Assessment for prognosis during and after myocardial infarction. A plea for a stratified approach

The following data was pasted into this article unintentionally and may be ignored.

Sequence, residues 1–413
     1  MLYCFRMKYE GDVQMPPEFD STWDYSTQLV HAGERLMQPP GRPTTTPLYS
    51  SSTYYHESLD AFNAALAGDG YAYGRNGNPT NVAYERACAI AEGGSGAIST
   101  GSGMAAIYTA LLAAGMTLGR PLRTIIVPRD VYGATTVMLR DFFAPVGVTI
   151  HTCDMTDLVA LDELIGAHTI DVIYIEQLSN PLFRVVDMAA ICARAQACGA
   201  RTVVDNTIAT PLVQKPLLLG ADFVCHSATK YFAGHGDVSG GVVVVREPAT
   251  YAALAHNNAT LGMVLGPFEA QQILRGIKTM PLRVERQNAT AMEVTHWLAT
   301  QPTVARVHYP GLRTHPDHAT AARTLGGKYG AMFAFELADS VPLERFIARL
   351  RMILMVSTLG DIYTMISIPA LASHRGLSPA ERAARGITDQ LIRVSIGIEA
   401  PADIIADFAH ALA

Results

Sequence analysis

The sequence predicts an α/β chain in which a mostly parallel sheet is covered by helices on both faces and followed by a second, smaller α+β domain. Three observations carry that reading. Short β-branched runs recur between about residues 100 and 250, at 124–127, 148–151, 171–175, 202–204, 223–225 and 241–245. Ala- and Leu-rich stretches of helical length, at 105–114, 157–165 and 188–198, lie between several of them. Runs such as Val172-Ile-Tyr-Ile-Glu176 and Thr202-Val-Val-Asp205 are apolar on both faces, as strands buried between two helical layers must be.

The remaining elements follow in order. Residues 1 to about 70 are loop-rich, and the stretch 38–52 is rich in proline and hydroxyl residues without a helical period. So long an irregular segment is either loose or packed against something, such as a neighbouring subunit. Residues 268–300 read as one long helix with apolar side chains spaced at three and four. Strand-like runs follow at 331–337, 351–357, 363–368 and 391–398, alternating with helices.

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Right after the first signs and symptoms of acute myocardial infarctions the prognosis is determined by the interventions which are carried out at that time. Preservation of as much myocardial tissue is the key element. Early deobstruction and reperfusion of the myocardium at jeopardy can lead to limitation of the ultimate infarct size, improved ventricular function and a halving of the 1-year mortality. Early supportive therapy with beta-blockade and calcium antagonists may enhance this effect. Data in 533 patients randomized to either a reperfusion strategy or to conventional therapy, combined with those from the recent literature on thrombolysis and early beta-blockade, provide the basis for this point of view. Once infarction is unavoidable and in the process of completion, probably 3-4 h after onset of symptoms, only supportive therapy is recommended, which will hardly change the outcome except for interventions during clinical care such as defibrillation. In 351 other survivors of myocardial infarction the value of clinical variables, a symptom-limited bicycle stress test at discharge, radionuclide ventriculography and 24-hour ambulatory electrocardiogram was compared in predicting 1-year survival. A history of previous myocardial infarction and heart failure during the current episode proved to be the strongest clinical predictors of death. Similarly, a low ejection fraction (less than 40%) and an insufficient blood pressure rise during stress testing (less than 30 mm Hg) identified a high risk group. Stress-test-induced angina and ST depression as well as ventricular arrhythmias from 24-hour electrocardiography were less good as predictors. In these patients treatment should be individualized and may require arteriography. Patients eligible for and completing a normal bicycle stress test after myocardial infarction proved to be a low risk group, which may constitute 65% of the total, seen in tertiary referral centers and even more in community hospitals. They neither require therapy nor further investigation. A subgroup with an intermediate risk can be identified when clinical variables, stress testing and/or resting radionuclide ventriculography are abnormal. This group requires 'tailored' therapy. Therefore, after infarction recovery, we recommend a pre-discharge stress test routinely to complement the clinical evaluation, since it also provides information on physical capacity, the indication of arrhythmias and the presence of myocardial ischemia. Thus, optimal management of acute myocardial infarction requires a stratified approach, which does not require expensive testing procedures.